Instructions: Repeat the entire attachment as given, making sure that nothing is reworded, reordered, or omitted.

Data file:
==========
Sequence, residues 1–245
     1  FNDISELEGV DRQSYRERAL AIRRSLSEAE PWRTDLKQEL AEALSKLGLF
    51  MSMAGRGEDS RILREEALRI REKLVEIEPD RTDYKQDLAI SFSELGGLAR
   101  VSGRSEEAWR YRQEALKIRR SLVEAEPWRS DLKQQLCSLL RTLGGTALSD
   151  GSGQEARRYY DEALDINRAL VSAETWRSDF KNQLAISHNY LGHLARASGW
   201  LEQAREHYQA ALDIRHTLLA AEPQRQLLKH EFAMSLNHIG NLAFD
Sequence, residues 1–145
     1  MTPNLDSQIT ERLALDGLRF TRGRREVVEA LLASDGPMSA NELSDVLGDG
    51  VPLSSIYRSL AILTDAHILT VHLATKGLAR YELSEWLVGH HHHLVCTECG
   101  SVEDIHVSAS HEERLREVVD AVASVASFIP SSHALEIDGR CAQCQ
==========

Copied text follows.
Sequence, residues 1–245
     1  FNDISELEGV DRQSYRERAL AIRRSLSEAE PWRTDLKQEL AEALSKLGLF
    51  MSMAGRGEDS RILREEALRI REKLVEIEPD RTDYKQDLAI SFSELGGLAR
   101  VSGRSEEAWR YRQEALKIRR SLVEAEPWRS DLKQQLCSLL RTLGGTALSD
   151  GSGQEARRYY DEALDINRAL VSAETWRSDF KNQLAISHNY LGHLARASGW
   201  LEQAREHYQA ALDIRHTLLA AEPQRQLLKH EFAMSLNHIG NLAFD
Sequence, residues 1–145
     1  MTPNLDSQIT ERLALDGLRF TRGRREVVEA LLASDGPMSA NELSDVLGDG
    51  VPLSSIYRSL AILTDAHILT VHLATKGLAR YELSEWLVGH HHHLVCTECG
   101  SVEDIHVSAS HEERLREVVD AVASVASFIP SSHALEIDGR CAQCQ